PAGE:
Impeaching a president is a dangerous game. It short-circuits the electoral process. It provokes in-kind retaliation. It alienates a president’s constituency. And it can spectacularly backfire.

The first impeachment of President Donald Trump, for abuse of power and obstruction of justice, is a case in point. Not only did Trump emerge more politically powerful than before; he also learned that he was free to subvert congressional inquiries and was empowered to leverage foreign governments for personal political purpose — all without fear of sanction. His acquittal in the long-term could encourage a future president to engage in similar actions.

The current impeachment of Trump for incitement of insurrection appears to be headed down the same path. He will not be convicted. He will claim that he was exonerated. His followers will unite behind him, pronounce him blameless, applaud his fortitude and proclaim his triumph over purportedly scurrilous adversaries. He and his allies will become more politically empowered. The country will become even more divided.

There is therefore a significant question as to whether the Senate should proceed to a trial that is foreordained to acquit. Some would argue that the risks of a failed impeachment are worth taking to preserve the principle that no person is above the rule of law. Yet whether pursuing another impeachment destined for failure would actually accomplish this purpose is far from clear. An acquittal might send a stronger message of impunity than would no prosecution at all; a failed impeachment might encourage a future president to further test the limits of presidential power. And while a conviction could prevent Trump from running again, an acquittal would likely only increase his electoral chances while simultaneously boosting the prospects of his allies. There is therefore little to be gained and much to lose: A Senate trial that will end only in futility is not a good idea.

At the same time, the immense importance and wisdom in the House’s decision to initially bring the impeachment should be recognized. Initiating the impeachment accomplished a critical and crucial function. It constrained an erratic and volatile president during his last few days in office — when he still held the levers of power. Given the uncertainty and precariousness surrounding that moment, the significance of this achievement cannot be overstated.

Consider how the threat of impeachment reportedly influenced Trump’s exercise of the pardon power. He did not pardon the Capitol rioters, he did not pardon others accused of inciting insurrection, he did not pardon his family, and he did not pardon himself. As a result, the path remains open for the criminal liability of Trump’s allies, and perhaps of Trump himself, to be decided openly in courts of law, rather than by presidential fiat.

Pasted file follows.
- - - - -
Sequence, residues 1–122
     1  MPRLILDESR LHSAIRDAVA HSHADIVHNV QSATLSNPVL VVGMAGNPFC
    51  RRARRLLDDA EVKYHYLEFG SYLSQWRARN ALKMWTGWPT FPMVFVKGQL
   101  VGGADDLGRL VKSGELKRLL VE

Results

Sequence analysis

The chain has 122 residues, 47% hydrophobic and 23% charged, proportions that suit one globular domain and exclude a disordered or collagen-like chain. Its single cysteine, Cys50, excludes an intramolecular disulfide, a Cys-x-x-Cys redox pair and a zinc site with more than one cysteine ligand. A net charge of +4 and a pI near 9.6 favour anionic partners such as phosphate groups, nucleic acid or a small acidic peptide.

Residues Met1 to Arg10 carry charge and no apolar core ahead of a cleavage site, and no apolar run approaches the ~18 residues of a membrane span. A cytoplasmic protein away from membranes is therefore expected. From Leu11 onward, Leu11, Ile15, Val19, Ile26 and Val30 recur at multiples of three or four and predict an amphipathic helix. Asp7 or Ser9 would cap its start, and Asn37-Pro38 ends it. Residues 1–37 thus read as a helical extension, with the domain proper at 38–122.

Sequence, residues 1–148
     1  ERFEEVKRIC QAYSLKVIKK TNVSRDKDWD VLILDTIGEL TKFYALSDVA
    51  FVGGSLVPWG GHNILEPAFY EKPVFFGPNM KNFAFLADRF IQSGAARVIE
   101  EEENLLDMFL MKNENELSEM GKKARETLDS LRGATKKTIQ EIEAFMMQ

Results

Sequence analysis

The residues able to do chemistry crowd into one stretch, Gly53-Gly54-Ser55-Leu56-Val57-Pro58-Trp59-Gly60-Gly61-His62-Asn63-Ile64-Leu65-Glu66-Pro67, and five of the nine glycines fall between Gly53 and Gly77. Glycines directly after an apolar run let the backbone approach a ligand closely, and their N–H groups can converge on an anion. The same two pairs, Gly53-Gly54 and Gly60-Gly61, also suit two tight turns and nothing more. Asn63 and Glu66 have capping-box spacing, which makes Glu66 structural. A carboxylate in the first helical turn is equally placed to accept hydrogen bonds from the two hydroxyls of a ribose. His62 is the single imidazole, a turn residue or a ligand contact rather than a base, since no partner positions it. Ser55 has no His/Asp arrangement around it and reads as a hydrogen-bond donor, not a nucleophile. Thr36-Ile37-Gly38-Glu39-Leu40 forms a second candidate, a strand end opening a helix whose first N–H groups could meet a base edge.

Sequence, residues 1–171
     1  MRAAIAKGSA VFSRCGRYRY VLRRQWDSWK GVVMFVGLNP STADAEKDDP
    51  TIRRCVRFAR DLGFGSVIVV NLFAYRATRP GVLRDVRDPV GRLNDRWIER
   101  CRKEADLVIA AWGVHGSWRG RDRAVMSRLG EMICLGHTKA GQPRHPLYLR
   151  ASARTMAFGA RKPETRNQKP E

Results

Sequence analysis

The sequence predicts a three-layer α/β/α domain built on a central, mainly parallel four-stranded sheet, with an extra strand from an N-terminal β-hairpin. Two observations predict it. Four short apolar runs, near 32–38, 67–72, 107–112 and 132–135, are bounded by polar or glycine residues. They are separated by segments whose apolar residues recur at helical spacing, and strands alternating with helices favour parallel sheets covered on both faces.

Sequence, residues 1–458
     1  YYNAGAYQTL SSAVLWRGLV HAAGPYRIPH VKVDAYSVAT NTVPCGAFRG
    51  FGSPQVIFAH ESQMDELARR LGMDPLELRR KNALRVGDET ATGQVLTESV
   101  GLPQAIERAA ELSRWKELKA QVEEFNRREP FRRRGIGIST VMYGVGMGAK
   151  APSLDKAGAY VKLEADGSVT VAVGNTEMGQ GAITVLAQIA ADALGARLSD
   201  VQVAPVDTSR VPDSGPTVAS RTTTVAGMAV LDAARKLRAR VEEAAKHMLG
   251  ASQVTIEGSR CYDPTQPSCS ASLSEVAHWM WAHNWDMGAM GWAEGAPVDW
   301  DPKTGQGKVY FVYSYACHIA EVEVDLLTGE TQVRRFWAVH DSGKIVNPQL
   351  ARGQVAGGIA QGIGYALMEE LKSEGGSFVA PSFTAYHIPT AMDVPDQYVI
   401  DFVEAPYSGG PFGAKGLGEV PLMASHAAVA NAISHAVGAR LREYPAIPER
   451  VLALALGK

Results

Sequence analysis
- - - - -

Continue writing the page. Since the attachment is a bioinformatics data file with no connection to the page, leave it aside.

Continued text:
Even more significantly, the threat of impeachment might have well spared the country from more violence and unrest. Faced with impeachment, Trump toned down his behavior dramatically in his last days in office and, in so doing, toned down the reactions of his supporters. He did not stage rallies (other than his departure ceremony at Joint Base Andrews). He no longer pressed his followers to reject the results of the election. He stopped attacking congressional Republicans who accepted the election results. He did not encourage his followers to protest on Inauguration Day — although many such protests had already been planned. He did not take other actions to disrupt the transition, although many feared he would. And though his ban from Twitter certainly played some role in his muted presence, he was never far away from the White House briefing room, where he could easily garner national and international media attention at a moment’s notice. But for the shadow of impeachment, there was nothing stopping him from continuing to rile up his base.

As a result, Inauguration Day, and the days leading up to it, passed without serious incident. The violence that occurred on Jan. 6 was not replicated on Jan. 20, nor on any of the days in between. The transfer of power to a new administration eventually occurred peacefully.

The purpose of impeachment is not only to punish bad acts. It is also to deter future misconduct. Those in the House of Representatives who supported impeaching Trump for incitement of insurrection should take heart that their effort accomplished exactly that. There is no need to bring the matter to trial. The impeachment has already succeeded.

William P. Marshall is a law professor at the University of North Carolina.

William P. Marshall is a law professor at the University of North Carolina.

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